State Sen. Tom Lee usually keeps people guessing about his plans.
While the Republican from Thonotosassa is well-known in the Legislature and isn’t afraid to stir things up, he has spoken often about possibly running for a seat on the Hillsborough County Commission. He waffled last year about that almost up to the filing deadline before deciding to run for another term in the Senate.
I wonder if recent events in the Senate might start Lee wondering again if it wouldn’t be better to work a little closer to home.
His well-publicized bill to eliminate public subsidies for the construction of sports stadiums failed to get out of committee. This was on the heels of what amounted to a rebuke when he called for an independent audit of the $2.1 billion expansion project at Tampa International Airport.
He tried to attach an amendment to the Senate budget that would have triggered the audit, but it was rejected by a voice vote. Those who spoke out against Lee on that gambit included Republicans Dana Young and Jack Latvala.
Bear in mind, Lee doesn’t have to do anything right away. He was elected to a four-year term in the newly created District 20, covering parts of Hillsborough, Pasco and Polk counties.
But the field is shaping up for the 2018 county commission races in Hillsborough. Veteran Republican Al Higginbotham already announced he will not seek re-election to his countywide seat, while long-serving Republican Ken Hagan said he will try for election to a single-member district.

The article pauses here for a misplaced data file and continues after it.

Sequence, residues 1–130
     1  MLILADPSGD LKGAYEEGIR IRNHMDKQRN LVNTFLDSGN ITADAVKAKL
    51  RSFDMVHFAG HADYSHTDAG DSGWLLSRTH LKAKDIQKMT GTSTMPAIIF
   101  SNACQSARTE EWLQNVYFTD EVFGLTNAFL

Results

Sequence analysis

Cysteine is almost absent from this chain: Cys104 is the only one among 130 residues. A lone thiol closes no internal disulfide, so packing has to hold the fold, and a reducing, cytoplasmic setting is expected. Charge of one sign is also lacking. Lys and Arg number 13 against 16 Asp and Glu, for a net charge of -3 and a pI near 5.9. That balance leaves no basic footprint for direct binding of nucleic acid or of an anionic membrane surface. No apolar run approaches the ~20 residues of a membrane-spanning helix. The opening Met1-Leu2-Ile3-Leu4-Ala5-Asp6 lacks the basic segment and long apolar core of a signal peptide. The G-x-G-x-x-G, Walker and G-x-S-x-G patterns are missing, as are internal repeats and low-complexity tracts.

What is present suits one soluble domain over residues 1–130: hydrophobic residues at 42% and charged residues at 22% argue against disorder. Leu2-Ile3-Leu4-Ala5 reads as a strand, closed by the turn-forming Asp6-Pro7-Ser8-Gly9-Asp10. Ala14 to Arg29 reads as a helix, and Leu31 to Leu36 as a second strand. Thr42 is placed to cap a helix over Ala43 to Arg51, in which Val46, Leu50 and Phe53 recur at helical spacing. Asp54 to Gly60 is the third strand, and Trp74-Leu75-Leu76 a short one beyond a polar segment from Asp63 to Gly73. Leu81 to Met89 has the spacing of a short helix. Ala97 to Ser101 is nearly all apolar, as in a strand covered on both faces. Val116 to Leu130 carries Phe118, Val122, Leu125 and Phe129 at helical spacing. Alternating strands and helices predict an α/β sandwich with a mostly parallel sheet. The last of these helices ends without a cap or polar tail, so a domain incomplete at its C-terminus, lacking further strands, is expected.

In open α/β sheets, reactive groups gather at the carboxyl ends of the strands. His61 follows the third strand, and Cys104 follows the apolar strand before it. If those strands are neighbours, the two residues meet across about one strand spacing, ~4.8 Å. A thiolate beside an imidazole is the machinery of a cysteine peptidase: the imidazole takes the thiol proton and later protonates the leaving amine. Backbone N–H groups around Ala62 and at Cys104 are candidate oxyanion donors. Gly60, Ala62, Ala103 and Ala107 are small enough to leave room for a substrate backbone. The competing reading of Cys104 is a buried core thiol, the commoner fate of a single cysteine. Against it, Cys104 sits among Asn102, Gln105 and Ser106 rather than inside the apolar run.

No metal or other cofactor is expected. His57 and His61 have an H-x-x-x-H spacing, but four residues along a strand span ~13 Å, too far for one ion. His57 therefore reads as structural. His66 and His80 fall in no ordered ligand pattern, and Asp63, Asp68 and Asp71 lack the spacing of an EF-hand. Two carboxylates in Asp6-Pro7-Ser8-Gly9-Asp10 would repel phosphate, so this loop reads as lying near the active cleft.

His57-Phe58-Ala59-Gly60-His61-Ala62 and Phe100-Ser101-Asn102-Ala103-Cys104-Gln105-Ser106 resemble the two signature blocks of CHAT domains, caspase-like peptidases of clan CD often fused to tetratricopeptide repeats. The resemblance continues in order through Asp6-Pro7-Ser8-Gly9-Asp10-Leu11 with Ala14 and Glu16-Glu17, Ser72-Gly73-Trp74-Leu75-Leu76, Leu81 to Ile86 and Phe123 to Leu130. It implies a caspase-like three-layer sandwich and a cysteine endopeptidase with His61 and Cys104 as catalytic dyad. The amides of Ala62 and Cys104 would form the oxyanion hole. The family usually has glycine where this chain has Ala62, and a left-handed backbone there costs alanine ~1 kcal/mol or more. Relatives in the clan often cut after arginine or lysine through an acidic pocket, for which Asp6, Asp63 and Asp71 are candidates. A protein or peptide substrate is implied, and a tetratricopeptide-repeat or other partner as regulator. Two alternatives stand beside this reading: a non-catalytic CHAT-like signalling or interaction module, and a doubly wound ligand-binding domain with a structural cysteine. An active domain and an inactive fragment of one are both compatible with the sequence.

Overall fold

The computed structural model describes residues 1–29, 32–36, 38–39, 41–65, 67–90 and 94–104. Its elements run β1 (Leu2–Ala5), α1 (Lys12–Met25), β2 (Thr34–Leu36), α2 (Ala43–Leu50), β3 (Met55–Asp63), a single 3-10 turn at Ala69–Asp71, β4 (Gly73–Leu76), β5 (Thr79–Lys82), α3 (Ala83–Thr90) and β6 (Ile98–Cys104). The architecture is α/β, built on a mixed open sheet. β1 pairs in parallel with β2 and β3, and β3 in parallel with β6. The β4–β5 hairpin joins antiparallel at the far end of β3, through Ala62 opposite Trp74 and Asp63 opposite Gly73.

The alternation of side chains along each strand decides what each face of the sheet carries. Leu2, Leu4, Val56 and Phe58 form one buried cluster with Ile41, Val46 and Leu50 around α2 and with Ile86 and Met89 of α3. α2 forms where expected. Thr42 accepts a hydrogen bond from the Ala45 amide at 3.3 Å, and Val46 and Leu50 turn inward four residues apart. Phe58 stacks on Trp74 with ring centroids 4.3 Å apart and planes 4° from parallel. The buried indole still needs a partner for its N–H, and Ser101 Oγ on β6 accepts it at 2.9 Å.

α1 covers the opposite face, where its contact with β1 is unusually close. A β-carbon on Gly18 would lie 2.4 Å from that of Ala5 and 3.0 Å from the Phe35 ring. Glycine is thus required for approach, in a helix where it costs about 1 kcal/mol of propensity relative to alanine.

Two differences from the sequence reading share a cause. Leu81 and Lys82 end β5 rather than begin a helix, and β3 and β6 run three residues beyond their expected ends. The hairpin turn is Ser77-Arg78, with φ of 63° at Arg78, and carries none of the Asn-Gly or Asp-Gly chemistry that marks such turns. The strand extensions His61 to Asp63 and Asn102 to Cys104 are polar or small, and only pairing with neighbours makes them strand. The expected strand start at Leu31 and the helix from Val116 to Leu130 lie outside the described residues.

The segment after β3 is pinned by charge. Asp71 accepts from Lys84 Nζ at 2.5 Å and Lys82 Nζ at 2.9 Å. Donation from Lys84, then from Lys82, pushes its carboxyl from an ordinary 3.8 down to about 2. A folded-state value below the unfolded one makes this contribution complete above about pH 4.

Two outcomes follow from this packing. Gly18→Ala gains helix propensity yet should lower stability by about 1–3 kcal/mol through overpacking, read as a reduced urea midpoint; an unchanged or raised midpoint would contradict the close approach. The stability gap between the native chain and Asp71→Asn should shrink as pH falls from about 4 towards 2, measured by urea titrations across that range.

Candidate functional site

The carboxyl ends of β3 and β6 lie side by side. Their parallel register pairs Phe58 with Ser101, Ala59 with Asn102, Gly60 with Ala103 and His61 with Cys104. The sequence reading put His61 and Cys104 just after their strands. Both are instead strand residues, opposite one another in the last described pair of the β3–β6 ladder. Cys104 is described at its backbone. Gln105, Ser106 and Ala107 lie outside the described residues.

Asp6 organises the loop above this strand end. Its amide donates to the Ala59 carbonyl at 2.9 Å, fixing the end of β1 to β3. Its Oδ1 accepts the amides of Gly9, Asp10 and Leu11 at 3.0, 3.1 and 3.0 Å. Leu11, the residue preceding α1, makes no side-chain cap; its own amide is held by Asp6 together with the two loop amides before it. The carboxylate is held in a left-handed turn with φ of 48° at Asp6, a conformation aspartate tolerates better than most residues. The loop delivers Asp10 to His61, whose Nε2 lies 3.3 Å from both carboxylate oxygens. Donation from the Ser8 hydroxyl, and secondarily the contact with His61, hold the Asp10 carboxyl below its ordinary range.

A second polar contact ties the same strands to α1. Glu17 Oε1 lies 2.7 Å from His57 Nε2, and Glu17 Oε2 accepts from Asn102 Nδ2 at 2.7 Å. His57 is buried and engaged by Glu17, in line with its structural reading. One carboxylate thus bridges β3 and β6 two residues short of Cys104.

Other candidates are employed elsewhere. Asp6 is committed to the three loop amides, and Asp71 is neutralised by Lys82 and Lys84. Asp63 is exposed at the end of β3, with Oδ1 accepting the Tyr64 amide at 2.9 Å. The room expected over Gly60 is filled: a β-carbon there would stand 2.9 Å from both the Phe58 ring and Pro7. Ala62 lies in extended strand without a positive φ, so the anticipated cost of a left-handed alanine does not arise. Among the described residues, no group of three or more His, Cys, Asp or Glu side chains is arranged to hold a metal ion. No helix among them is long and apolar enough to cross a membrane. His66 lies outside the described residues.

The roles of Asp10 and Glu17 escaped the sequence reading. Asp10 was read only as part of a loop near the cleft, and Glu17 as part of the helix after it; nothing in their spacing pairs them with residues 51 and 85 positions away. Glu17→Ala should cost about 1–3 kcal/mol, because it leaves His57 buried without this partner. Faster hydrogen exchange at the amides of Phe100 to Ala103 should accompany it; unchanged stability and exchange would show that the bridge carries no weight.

Victor Crist, who also has been a fixture on the commission, is term-limited in his district, but most people expect he will run for Hagan’s soon-to-be open countywide seat. Right now, he likely would face only token competition in the primary from tea party activist Tim Curtis.
If Lee jumps in, he could go for Higginbotham’s spot. He would be a formidable candidate and likely would campaign about how he could bring his Tallahassee experience to bear for the betterment of his home county, but there is some intrigue there, too. Some prominent Democrats – including former commissioner Kevin Beckner and state Rep. Janet Cruz – might decide to get involved.
Plus, Lee has been linked to a possible run for the state’s Chief Financial Officer, where he would have great influence over spending policies. That’s in his wheelhouse. But he also ran for that job in 2006 and lost to Democrat Alex Sink.
When you talk to Lee, it usually doesn’t take long for the conversation to drift into the direction of impact he could make in his home county. He has also said his prime motivation for returning to the Legislature (he previously served 10 years there) was to help change the way business is done.
He clearly has been fighting that fight, but his nose has gotten a little bloodied in the process. It’s worth wondering whether the bleeding is enough to make him get serious about working closer to home.